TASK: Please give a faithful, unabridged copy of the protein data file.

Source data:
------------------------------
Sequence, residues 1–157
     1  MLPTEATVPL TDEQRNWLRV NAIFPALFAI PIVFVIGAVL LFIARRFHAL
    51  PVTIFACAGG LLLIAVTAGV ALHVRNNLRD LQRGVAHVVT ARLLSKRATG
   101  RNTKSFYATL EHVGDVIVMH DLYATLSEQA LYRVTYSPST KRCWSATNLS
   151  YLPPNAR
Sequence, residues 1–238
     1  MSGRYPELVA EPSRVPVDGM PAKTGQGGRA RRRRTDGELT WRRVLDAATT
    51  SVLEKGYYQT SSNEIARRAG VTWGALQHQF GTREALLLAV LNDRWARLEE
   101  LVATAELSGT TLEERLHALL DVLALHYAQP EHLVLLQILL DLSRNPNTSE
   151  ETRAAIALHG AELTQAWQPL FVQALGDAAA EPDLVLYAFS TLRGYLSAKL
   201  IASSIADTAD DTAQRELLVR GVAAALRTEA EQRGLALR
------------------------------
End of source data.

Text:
Sequence, residues 1–157
     1  MLPTEATVPL TDEQRNWLRV NAIFPALFAI PIVFVIGAVL LFIARRFHAL
    51  PVTIFACAGG LLLIAVTAGV ALHVRNNLRD LQRGVAHVVT ARLLSKRATG
   101  RNTKSFYATL EHVGDVIVMH DLYATLSEQA LYRVTYSPST KRCWSATNLS
   151  YLPPNAR
Sequence, residues 1–238
     1  MSGRYPELVA EPSRVPVDGM PAKTGQGGRA RRRRTDGELT WRRVLDAATT
    51  SVLEKGYYQT SSNEIARRAG VTWGALQHQF GTREALLLAV LNDRWARLEE
   101  LVATAELSGT TLEERLHALL DVLALHYAQP EHLVLLQILL DLSRNPNTSE
   151  ETRAAIALHG AELTQAWQPL FVQALGDAAA EPDLVLYAFS TLRGYLSAKL
   201  IASSIADTAD DTAQRELLVR GVAAALRTEA EQRGLALR